We applied a pre-trained tissue-background segmentation network18 to all slides in order to exclude areas not containing tissue from further analysis. Next, color deconvolution was applied to all IHC WSIs in our training set6,7. The resulting P63/CK8-18 channel was then converted to a binary mask by thresholding. Small errors were removed automatically using binary closing and opening. The resulting masks were not perfect due to imperfections and intensity changes in the stain, scanning artefacts and non-specific staining; e.g. corpora amylacea and debris inside the glands are regularly stained brown and are therefore present in the deconvolution mask (Fig. 5a,c).

Figure 5
figure 5

Effect of stain artefacts on network predictions. In some cases non-epithelial tissue is stained, e.g. structures inside the gland ((a) corresponding H&E version shown in (b)). These artefacts are also picked up by the color deconvolution algorithm (c). Due to a high frequency of these artefacts, training a network on this uncorrected data results in a trained network that has a high occurrence of false positives in its predictions (d). Training a network on manually corrected data instead, results in a better segmentation (e). These errors transfer to the training of the H&E network. A network trained on the raw color deconvolution masks makes more mistakes in these artefact regions (f) than a network trained on the output of the corrected IHC network (g).

For the hold-out test set, three trained non-experts reviewed the sampled test regions and manually updated the color deconvolution mask, removing any artefacts or updating incorrectly labeled tissue.

Training a CNN on IHC

Due to time-constraints, it was unfeasible to manually correct all individual color deconvolution masks to be used for training. Instead, we trained a deep convolutional network to perform the mapping from a P63/CK8-18 slide to a binary epithelium mask. We selected 25 slides from our training set to train this first network (20 for training, 5 for validation). On each slide we outlined a tissue region covering roughly 50% of the WSI after which three trained non-experts corrected the color deconvolution masks by hand. A total of 3493 annotations were made by the annotators on these 25 slides, an average of 140 annotations per slide. In terms of surface area, 2.3% of the tissue was given a different label by the annotators. On average, the annotators took 45 to 60 minutes to correct a slide.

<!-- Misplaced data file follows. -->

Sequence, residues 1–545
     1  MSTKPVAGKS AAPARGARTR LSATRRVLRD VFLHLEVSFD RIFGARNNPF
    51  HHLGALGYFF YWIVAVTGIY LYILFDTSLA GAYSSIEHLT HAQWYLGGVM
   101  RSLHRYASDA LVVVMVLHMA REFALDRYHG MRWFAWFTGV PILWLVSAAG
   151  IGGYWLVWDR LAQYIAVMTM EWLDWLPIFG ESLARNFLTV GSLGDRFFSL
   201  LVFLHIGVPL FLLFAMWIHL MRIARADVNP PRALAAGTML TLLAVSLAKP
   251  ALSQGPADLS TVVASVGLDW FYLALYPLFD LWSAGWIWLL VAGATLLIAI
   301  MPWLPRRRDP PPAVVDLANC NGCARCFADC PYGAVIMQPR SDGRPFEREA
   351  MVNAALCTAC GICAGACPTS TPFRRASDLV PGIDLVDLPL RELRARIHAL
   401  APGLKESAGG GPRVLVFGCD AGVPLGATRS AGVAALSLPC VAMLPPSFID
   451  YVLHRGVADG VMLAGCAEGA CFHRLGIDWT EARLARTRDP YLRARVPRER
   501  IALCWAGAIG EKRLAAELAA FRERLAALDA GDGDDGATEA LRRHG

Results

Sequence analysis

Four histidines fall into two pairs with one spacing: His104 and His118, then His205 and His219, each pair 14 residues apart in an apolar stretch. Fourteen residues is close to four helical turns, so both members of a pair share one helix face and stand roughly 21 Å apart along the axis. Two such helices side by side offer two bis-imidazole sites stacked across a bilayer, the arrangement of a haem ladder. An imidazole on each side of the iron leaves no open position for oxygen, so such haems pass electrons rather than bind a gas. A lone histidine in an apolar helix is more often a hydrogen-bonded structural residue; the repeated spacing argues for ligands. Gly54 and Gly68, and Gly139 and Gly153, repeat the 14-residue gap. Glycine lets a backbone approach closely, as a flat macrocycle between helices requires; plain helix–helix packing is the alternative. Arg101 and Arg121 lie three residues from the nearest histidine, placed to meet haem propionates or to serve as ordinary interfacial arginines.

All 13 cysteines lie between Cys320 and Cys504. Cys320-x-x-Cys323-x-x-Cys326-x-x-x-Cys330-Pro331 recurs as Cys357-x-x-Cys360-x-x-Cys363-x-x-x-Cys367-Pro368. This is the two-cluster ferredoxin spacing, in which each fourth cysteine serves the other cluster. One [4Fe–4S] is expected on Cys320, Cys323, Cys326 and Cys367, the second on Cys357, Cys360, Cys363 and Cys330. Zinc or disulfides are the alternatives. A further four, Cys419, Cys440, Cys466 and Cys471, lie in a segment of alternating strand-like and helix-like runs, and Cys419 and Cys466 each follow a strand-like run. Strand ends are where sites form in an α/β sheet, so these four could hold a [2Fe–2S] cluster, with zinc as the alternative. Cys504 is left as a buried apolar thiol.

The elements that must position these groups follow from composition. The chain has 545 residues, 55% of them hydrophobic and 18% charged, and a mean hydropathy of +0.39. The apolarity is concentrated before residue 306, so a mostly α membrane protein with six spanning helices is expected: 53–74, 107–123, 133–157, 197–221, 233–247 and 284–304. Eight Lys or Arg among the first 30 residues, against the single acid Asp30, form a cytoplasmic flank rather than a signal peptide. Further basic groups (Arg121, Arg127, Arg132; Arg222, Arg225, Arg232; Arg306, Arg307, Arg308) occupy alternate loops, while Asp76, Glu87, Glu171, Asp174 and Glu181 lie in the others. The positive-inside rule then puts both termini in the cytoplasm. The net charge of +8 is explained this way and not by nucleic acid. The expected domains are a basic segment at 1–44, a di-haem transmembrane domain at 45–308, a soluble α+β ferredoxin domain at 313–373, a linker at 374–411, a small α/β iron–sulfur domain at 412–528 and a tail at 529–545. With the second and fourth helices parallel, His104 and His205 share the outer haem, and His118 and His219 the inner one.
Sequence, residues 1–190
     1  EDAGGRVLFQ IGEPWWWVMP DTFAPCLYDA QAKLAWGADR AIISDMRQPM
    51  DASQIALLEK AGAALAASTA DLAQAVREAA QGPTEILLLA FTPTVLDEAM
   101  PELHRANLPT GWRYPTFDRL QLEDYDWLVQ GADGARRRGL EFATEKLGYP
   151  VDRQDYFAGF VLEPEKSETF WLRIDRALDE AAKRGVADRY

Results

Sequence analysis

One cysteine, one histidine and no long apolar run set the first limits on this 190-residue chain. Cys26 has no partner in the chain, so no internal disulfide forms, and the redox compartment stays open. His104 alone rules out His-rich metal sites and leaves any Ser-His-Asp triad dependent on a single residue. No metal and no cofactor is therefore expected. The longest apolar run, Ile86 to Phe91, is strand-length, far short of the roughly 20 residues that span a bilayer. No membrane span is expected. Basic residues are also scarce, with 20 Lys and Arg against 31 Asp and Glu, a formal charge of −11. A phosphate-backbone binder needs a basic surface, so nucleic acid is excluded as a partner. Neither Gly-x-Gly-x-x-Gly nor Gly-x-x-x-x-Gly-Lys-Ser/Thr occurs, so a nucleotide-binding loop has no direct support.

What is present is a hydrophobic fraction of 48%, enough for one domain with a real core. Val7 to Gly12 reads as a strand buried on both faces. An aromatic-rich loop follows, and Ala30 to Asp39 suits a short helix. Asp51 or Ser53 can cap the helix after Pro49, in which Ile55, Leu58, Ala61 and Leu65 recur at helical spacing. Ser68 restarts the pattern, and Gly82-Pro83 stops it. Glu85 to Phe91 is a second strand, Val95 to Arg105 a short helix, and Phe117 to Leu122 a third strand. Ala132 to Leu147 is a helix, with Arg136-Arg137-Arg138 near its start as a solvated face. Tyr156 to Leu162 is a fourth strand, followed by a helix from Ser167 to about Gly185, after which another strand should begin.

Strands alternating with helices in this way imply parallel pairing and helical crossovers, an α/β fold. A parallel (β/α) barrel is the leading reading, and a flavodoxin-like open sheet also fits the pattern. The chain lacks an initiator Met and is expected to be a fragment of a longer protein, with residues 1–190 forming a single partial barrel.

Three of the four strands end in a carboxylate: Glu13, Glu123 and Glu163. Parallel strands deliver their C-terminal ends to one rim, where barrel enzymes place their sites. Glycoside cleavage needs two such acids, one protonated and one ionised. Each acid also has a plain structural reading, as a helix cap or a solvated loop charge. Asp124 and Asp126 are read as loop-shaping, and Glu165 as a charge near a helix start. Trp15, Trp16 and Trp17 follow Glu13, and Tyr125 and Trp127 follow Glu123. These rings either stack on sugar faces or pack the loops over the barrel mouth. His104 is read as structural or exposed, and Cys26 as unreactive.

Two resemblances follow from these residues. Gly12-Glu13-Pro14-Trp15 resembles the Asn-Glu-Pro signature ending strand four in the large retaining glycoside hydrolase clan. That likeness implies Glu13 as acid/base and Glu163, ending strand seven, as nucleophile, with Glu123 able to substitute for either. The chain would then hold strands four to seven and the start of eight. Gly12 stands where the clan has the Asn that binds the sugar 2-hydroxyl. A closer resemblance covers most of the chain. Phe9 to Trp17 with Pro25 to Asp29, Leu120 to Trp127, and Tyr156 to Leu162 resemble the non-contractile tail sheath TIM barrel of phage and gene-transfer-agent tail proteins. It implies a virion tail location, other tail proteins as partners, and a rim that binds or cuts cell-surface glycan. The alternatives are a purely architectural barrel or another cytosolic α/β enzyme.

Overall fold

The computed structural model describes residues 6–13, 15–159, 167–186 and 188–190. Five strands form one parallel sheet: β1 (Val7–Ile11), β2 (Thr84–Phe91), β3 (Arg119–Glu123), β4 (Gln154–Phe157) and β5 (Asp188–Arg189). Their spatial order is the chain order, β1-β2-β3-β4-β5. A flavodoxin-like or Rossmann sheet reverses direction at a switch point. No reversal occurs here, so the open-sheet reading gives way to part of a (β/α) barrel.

We trained a five-level-deep U-Net19 on the selected regions to segment epithelial tissue in IHC slides. We followed the original U-Net model architecture, but added additional skip connections within each layer block, and used up-sampling operations in the expansion path. The network was trained using randomly sampled patches with a size of 512 × 512 (pixel resolution 0.48 μm) and a batch size of 1. Regions with annotated artefacts and corpora amylacea were oversampled to lower the number of false positives. Adam optimisation was used with β1 and β2 set to 0.99, and a learning rate of 0.0005. The learning rate was halved after every 5 consecutive epochs without improvement on the validation set.

During training, we applied data augmentation to prevent overfitting and to improve the model’s generalisation. The following augmentations were used: flipping, rotation, additive Gaussian noise, Gaussian blurring and changes in saturation, contrast and brightness. After training, the model was applied to all IHC WSIs in our training set. A binary mask was created from each slide using the argmax of the network output. We focused explicitly on colour augmentations to overcome the large stain differences between the IHC slides.

For comparison, a second U-Net was trained on the non-corrected colour deconvolution masks directly, without using any of the manual corrections. All hyperparameters and network structure were kept the same as in the original experiment to create a fair comparison.